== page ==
If there’s no trouble to speak of, or it’s worth it for me to really go after one to drive a par 4 or be in good position to get home in two on a par 5, John will give me the green light to stick it a mile up in the air and “send it”. This shot is all about maxing carry distance, which is even more important for slower swingers. If you can’t swing 100 miles per hour or faster, you probably have no business playing a driver with less than  11 or 12 degrees of loft.

To increase your carry, you’ll also want to make sure the ball is aligned with at least the heel of your front foot and that you tee it high enough that half of it is above the top of your driver at address. You might think you have to swing harder to launch it, but that’s not necessarily true. In fact, if a harder swing makes it more likely you hit the ball off the toe of the club, you’re probably going to lose distance in the process. A better strategy for you is to focus on hitting it out of the centre of the face and feel like your club is accelerating through the ball – but at your normal swing speed. Oh, and if you can draw it to pick up a little extra yardage, go for it. But I’m still fading this one a touch.


Whether it’s first-tee anxiety or you’re trying to close out a tournament, there are going to be times when you have to come through under pressure. In those moments, I use my 90-percenter. It’s a shot that cuts a little, but its real appeal is that it pierces through the air on a low trajectory. It’s not like the squeeze cut, which flies longer and higher. It’s more like a stinger. If you’re trying to avoid a double-bogey or there’s trouble everywhere, think about scaling back your effort and really focusing on making a smooth swing. Don’t forget to finish it. No steering.

The adjustments to hit this drive are to tee it lower, play it a little further back than normal and stay more on top of the ball with your chest.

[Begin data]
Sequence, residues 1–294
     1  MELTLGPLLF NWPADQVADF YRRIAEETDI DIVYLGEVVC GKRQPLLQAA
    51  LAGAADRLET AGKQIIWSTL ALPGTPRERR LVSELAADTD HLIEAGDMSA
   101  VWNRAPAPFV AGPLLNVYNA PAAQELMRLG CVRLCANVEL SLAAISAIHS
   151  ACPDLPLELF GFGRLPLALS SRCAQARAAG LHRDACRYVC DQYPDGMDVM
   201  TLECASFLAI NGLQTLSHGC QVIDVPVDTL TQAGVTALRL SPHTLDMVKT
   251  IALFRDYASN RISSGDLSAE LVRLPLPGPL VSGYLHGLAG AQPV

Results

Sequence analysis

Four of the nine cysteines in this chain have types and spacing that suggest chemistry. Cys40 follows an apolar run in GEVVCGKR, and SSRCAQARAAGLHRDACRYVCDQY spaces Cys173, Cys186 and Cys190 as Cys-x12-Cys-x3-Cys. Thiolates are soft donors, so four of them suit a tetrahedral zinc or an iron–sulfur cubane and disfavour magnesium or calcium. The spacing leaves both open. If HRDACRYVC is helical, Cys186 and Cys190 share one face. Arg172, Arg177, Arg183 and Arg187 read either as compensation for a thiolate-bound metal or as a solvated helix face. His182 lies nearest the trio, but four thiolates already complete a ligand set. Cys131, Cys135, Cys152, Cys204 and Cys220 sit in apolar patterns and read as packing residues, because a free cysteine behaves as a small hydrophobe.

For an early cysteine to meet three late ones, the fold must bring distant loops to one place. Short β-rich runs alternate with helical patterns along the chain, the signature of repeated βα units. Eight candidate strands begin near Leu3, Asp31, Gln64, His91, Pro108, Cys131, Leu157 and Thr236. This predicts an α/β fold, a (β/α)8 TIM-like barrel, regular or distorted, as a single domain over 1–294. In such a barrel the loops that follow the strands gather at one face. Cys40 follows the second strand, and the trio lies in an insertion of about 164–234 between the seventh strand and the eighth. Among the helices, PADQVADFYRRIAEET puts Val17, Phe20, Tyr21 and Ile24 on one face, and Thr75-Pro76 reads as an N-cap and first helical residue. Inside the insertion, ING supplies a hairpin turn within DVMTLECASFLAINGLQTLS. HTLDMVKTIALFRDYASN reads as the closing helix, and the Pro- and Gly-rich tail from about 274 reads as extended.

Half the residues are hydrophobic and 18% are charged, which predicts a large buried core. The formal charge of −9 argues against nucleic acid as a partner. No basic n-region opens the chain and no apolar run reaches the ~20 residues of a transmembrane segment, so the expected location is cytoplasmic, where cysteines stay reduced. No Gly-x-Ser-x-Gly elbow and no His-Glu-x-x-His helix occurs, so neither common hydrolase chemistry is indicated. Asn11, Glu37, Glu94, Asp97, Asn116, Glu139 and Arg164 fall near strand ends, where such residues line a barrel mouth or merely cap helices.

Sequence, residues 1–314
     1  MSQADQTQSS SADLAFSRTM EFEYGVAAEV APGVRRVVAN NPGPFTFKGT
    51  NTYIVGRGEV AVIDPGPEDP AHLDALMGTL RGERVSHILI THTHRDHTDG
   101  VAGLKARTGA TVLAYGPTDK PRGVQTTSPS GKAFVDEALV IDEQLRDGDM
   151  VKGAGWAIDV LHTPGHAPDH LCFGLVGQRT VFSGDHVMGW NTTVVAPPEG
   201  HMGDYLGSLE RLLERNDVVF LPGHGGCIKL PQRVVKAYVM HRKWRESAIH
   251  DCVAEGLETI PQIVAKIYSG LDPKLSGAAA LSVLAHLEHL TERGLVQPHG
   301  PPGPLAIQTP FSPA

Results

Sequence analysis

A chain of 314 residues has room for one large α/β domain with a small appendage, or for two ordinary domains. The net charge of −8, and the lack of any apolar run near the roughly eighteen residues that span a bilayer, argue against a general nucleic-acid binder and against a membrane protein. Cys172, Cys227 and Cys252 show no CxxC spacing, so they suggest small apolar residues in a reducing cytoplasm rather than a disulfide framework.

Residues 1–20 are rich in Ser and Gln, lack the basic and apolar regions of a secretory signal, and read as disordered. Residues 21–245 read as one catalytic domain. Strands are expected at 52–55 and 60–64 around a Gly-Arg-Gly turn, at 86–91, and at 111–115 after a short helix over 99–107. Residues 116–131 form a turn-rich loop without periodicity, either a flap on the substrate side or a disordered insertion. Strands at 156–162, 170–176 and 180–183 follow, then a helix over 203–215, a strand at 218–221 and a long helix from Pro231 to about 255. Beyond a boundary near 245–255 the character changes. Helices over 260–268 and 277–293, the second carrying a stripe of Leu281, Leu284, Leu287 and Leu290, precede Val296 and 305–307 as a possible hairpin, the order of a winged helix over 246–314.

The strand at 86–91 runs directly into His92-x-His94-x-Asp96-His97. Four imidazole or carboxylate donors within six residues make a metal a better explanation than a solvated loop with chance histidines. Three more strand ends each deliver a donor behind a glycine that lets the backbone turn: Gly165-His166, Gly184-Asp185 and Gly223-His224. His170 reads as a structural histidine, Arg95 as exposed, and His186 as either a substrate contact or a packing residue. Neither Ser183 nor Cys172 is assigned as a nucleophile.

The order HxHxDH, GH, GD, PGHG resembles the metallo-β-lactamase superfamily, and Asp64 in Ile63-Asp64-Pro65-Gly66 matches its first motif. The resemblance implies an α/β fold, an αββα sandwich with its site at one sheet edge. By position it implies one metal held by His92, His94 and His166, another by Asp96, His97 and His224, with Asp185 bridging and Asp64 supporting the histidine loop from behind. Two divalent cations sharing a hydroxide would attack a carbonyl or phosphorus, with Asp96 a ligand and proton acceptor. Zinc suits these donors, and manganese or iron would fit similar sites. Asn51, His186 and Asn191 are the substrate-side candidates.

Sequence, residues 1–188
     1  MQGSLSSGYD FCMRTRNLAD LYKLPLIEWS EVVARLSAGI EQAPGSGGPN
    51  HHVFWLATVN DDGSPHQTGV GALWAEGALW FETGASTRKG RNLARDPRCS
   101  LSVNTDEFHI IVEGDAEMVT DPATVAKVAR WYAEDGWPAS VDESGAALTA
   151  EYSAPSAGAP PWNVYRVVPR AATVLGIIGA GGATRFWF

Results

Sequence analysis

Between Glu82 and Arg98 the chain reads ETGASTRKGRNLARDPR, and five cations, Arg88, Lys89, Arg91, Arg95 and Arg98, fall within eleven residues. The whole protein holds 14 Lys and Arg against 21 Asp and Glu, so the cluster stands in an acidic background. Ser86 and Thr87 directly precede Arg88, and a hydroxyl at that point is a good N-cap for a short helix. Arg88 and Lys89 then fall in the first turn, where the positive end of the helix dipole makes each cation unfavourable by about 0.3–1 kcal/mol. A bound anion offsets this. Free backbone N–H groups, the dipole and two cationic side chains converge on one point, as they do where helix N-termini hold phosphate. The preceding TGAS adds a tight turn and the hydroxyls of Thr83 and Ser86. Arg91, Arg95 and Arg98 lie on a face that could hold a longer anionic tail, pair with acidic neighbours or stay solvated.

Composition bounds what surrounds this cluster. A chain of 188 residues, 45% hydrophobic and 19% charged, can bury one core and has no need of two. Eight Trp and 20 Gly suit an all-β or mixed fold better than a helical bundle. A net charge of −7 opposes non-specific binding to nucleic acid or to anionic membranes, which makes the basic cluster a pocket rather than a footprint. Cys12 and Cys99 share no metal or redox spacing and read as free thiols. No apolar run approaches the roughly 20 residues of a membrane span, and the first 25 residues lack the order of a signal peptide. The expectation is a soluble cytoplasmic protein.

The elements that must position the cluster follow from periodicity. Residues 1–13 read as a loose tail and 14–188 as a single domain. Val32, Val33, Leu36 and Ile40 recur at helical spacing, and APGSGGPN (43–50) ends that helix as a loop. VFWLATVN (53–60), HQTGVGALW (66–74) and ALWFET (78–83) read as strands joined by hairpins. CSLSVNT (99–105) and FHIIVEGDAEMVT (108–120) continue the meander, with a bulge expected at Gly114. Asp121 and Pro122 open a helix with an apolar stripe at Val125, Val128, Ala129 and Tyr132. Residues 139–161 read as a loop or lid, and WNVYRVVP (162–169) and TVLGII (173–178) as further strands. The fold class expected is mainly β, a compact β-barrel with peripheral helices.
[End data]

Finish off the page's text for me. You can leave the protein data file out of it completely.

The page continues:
I know I can rely on this drive to avoid the deep rough, but even if you don’t feel comfortable hitting it, just remember that if you want to keep a driver in play, this is not the time to swing out of your shoes. Make a swing that feels like you’re going at it with a lot less effort.

‘Don’t automatically grab your driver every time you step onto a par-4 or par-5 tee.’­


I do draw the ball from time to time. Sometimes the hole just screams to move it right to left. In those instances, I’ll grab my 3-wood and turn something over. I’m not suggesting you do the same if you’re not at a level where you can draw it on command. Rather, my advice here is don’t automatically grab your driver every time you step onto a par-4 or par-5 tee.

If it’s a super-tight hole with out-of-bounds on one side and a big pond on the other, your best option might be to put a 5-iron in play. Then maybe hit another 5-iron down the fairway and then wedge one onto the green. At worst, you’re taking double-bogey out of play and at best, you’ll have a par putt on one of the toughest holes on the course. Point is, give every play from the tee a little more thought, and I bet your scorecard will benefit from it. 

Photographs by Stephen Denton;  Andrew redington/getty images (previous page); Jared c. tilton/getty images